CHICA: Was there ever a moment when you realized “I have this platform, I need to take advantage of it”? 

Diane: I think I was so sick of being overlooked, not just me, but my community. My family disregarded, spoken ill about, you know. So in 2016, when my senses were a little heightened to what was going on in the world, I saw my community attacked, and I wanted to … retaliate against that. And not to retaliate with evil words, not with anger or violence. I wanted to retaliate with love and the truth. And I wanted to speak my truth, oftentimes we don’t get to do that. I was blessed to have a great opportunity with a show like Orange Is the New Black that aligned me with other Latinx voices and other African-American voices and other feminist voices, to have that community that empowered me. And I just wanted to share that it is possible for you to find community and unite. And be powerful too. And I didn’t want to waste that. I didn’t want to waste that by being afraid to speak my truth.

CHICA: Do you feel like there has been a shift in Hollywood as far as inclusivity and diversity?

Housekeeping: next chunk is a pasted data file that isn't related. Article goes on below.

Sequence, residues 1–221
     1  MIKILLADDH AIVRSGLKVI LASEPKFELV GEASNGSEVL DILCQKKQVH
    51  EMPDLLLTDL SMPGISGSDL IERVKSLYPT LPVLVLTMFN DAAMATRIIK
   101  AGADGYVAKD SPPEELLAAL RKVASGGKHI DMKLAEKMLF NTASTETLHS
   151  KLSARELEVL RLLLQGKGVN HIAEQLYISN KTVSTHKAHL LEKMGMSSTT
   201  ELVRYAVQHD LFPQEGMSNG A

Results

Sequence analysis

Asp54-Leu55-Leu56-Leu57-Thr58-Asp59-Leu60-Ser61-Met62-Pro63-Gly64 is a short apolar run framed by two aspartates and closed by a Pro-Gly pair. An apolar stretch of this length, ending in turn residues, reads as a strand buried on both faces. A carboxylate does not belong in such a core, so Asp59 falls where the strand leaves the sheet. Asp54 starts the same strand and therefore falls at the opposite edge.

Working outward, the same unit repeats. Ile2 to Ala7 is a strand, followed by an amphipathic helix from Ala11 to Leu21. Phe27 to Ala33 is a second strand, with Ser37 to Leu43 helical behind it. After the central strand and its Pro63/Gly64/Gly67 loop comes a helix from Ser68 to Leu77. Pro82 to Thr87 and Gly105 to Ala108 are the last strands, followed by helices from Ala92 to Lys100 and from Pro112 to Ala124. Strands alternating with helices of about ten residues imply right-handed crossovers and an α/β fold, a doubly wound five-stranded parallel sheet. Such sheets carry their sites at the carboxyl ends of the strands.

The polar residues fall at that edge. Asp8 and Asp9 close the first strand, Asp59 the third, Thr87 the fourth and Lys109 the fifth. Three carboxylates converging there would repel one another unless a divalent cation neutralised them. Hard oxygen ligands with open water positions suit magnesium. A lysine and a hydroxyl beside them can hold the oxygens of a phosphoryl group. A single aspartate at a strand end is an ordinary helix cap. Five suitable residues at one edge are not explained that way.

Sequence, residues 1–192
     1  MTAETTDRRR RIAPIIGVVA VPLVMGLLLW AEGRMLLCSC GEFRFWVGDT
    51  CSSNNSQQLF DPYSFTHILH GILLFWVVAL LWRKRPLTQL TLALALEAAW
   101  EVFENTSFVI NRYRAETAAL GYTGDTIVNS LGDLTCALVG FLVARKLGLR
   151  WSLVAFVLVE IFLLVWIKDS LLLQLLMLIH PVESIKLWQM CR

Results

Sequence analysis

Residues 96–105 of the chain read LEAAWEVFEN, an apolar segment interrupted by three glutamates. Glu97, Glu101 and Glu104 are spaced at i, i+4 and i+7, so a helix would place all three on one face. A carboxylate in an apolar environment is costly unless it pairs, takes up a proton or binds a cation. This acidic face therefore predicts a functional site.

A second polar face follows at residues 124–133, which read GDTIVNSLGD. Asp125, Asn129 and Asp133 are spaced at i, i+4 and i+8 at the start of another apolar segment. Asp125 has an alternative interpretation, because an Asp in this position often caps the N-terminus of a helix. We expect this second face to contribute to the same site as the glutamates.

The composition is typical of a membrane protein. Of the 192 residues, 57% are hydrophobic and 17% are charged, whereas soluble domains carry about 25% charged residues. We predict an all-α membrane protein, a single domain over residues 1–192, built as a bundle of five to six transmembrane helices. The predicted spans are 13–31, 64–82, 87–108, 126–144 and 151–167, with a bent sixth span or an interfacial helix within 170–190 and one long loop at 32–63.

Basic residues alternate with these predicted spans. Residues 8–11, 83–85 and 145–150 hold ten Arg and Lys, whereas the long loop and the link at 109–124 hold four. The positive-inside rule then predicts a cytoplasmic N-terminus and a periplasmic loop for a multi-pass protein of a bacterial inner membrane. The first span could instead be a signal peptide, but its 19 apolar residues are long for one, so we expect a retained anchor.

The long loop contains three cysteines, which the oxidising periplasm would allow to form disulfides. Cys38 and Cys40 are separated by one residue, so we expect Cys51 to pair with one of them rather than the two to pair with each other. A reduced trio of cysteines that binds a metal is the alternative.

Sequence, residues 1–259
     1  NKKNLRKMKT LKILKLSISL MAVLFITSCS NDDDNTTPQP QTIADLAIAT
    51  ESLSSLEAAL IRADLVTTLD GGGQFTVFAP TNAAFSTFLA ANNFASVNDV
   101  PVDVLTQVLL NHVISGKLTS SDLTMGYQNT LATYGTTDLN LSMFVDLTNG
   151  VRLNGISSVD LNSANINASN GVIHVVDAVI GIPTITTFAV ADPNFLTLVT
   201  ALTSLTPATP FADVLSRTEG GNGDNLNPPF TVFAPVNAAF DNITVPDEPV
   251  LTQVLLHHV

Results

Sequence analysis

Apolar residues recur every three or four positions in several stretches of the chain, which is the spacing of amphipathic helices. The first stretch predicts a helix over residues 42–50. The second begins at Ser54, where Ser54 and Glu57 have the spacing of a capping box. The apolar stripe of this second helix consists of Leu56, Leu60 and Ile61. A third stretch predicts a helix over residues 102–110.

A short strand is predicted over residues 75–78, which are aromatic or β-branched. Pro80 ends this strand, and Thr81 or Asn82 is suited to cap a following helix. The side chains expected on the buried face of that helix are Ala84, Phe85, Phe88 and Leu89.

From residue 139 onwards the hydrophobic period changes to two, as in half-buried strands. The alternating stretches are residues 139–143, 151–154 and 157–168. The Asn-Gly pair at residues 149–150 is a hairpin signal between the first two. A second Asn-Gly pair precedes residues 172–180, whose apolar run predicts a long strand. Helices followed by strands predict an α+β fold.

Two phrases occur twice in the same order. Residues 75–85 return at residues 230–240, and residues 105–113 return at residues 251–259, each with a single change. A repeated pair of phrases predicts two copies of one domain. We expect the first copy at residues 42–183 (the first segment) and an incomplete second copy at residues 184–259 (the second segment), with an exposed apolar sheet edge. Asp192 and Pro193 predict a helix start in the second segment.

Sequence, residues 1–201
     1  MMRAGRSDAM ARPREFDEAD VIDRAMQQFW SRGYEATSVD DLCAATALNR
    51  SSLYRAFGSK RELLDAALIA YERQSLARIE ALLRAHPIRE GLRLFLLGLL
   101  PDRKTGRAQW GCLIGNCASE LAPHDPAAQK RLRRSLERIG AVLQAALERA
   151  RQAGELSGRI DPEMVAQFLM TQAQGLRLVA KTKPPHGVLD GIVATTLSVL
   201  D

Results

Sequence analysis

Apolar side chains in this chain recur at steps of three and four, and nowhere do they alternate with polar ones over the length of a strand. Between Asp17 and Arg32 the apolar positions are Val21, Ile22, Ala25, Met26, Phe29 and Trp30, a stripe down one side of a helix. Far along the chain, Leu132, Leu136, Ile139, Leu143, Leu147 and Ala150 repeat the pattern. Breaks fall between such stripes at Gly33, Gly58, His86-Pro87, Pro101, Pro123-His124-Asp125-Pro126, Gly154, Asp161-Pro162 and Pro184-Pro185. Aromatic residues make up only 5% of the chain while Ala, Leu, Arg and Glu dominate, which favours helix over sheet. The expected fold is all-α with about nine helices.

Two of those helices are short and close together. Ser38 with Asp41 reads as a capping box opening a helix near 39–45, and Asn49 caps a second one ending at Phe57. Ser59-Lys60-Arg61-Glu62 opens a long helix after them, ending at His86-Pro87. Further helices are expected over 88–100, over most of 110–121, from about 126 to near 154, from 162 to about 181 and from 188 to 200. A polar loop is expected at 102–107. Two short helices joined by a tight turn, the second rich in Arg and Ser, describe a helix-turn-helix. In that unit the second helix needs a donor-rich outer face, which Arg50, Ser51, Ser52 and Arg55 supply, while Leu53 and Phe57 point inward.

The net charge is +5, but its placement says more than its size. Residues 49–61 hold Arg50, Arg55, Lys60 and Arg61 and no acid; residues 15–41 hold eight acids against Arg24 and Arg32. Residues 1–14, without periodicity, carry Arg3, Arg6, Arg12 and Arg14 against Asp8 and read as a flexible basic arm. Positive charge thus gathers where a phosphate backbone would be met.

Diane: Well, I think that there has been no other choice for that shift to happen, because something had to give. I mean, we’ve been underrepresented for so long, you know, things get stiff. And I think that we saw the backlash of having only one story told. And I mean, that happens when people are pressured and when they need to tell their stories in order to heal their communities…. And I think that we have to stop asking for permission, and people have stopped asking for permission, and they’re seeing their stories told and people are receiving that. We are not a minority. We are part of the majority and we’re ever growing, this country needs to get hip to that.